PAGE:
• Css = is the language that controls how web pages look. If you want to make all paragraphs in your html page super small and with white text you could put some code like this in a css file somewhere:
      p {
        font-size: 2px;
        color:     #FFFFFF;
      }
      
    or if you just wanted to have just one paragraph like that you can do something like this directly in the html:
      <p style="font-size: 2px; color: #FFFFFF">this is a paragraph</p>
      
    why you have to type '#FFFFFF' instead of 'white' is one problem already. There are a multitude of problems with Css - some of which I've noted here
  • SQL = The language you send to a database to get database records back. It's pretty simple to begin with - and almost reads like a sentence
      SELECT users.name from users where users.id = 4
      
    It gets more complicated when you want to intersect records from one table to another, but you get the idea. It is something that must be communicated to a database. You send the query - you get the results.
  • Javascript = The language the manipulates a browser and the page it is displaying programmatically. Despite the name, Javascript has nothing to do with Java. It's code written in a language several browsers can interpret. It looks like this:
      function say_hello() {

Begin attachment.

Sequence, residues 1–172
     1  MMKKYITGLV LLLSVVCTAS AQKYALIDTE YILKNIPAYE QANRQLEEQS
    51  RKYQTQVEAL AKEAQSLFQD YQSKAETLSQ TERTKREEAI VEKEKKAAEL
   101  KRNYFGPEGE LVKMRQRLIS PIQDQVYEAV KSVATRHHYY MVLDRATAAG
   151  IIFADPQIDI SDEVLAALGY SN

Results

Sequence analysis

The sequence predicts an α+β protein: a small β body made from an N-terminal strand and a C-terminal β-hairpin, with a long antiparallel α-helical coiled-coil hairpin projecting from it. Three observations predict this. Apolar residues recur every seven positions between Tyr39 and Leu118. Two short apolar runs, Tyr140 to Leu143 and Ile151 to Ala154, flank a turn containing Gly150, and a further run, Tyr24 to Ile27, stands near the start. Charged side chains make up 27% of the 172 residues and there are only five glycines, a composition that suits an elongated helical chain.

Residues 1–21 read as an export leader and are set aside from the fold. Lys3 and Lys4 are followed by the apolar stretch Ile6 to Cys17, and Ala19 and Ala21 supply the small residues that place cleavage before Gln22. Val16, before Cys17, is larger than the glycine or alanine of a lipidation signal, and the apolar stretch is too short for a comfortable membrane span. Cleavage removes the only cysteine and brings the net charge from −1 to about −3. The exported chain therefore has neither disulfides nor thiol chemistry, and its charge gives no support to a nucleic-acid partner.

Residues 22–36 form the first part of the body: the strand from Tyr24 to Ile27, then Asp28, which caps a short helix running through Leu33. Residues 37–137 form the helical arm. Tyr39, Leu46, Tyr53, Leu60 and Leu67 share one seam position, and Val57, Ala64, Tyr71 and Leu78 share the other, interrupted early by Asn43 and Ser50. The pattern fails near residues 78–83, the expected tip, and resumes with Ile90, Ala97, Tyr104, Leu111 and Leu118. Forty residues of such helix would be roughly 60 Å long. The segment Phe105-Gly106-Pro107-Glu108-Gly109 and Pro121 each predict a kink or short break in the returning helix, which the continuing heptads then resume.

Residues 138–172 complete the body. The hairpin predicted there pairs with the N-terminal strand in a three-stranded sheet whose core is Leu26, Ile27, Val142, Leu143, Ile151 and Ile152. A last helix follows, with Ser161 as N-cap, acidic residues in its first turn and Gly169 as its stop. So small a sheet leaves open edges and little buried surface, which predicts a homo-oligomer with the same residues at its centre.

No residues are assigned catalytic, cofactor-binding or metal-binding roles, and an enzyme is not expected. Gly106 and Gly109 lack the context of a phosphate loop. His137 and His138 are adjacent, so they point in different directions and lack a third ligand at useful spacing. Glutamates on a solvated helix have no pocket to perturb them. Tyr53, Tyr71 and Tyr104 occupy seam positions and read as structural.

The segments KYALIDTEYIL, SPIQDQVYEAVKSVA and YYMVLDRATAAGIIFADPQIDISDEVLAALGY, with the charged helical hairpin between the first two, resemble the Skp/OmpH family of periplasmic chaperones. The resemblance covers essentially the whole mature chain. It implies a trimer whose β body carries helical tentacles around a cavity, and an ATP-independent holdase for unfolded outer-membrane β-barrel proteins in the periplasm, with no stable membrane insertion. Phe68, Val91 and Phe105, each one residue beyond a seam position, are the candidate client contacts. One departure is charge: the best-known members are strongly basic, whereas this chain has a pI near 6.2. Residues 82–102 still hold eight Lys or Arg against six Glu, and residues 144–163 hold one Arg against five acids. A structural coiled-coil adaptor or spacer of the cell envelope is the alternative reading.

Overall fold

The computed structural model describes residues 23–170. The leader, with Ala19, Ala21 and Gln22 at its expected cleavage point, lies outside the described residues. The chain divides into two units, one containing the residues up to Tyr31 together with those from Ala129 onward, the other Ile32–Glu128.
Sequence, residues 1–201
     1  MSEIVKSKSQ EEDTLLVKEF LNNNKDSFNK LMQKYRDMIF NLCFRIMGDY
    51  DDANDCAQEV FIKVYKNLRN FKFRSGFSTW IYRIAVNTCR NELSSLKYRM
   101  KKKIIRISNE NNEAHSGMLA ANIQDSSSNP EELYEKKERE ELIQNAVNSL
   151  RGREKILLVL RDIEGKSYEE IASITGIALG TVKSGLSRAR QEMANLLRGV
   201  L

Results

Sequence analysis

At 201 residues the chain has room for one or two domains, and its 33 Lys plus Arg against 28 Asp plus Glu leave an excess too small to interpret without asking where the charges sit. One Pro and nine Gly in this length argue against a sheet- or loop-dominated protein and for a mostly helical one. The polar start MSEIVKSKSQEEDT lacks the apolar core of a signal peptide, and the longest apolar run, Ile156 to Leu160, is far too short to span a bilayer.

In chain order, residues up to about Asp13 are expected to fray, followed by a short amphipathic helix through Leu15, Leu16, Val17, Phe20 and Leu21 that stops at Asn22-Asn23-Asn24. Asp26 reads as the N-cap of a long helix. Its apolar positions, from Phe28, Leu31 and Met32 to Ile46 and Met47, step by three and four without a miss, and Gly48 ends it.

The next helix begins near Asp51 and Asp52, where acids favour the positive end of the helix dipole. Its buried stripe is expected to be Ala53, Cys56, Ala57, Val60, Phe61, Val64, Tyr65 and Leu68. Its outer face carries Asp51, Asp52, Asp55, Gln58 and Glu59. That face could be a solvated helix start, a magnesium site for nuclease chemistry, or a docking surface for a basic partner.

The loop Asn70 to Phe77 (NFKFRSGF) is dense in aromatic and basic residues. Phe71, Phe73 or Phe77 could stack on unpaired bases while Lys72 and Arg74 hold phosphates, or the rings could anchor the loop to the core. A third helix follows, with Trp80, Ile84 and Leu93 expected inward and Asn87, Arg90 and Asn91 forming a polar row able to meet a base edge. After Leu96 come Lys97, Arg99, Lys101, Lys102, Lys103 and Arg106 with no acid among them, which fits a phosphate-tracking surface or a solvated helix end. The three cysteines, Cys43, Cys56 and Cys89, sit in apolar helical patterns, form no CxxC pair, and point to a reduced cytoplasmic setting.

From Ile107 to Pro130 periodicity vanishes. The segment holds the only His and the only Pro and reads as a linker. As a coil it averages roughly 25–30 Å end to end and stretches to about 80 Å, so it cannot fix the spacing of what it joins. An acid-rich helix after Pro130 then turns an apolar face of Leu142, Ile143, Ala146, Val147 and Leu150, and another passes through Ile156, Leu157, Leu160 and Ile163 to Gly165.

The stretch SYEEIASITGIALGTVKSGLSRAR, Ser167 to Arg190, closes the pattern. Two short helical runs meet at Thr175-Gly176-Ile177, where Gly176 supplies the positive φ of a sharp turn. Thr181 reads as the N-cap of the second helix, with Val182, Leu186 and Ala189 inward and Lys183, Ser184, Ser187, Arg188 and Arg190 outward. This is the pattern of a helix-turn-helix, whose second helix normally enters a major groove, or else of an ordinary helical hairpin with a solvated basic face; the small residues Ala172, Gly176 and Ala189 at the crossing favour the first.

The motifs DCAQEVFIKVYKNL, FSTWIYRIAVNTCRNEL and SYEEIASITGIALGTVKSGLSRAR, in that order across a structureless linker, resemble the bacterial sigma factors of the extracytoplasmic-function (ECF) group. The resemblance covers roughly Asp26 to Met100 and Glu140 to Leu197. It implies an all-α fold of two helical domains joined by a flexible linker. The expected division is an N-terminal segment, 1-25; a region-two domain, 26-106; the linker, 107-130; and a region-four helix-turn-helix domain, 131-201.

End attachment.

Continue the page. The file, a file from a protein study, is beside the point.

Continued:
alert("hello");
      }
      
    And is used to make interactive things happen on a page - like a message popping up or doing something with drag and drop or sorting a table - that sort of thing. Each browser has it's own interpreter of this language. And the interpretations are inconsistent. It is also full of security holes, hacks on top of hacks and memory leaks. But I'm not going to talk about that.

A diagram would be handy now

As you can see - the web has segmented itself up into layers - each layer being responsible for a different thing. It's not a bad system all in all. However, here's the second question - do those top 4 have any of the aforementioned 'essential' components that all languages need (according to Rob)?

Answer: No. And there's your problem

Html sucks

Lets start with Html. If you want to make a link to an image you write code something like this:

<img src="image.jpg"/>

Makes sense right? So why can't you include another html page like this:

<include src="header.html">

No good reason. But this is something only certain web servers can do. It's called a server-side include. And it looks more like this:

<!--#include FILE="header.html"-->
If I can embed images in a document why can't I embed another document in a document?

Well I can give you 3 good reasons why - but really those are all implementation problems. It sure would make adding headers and footers to a bunch of html pages a lot easier. And this was a problem 10 years ago. And it will still be a problem 10 years from now. 10 years is a long time.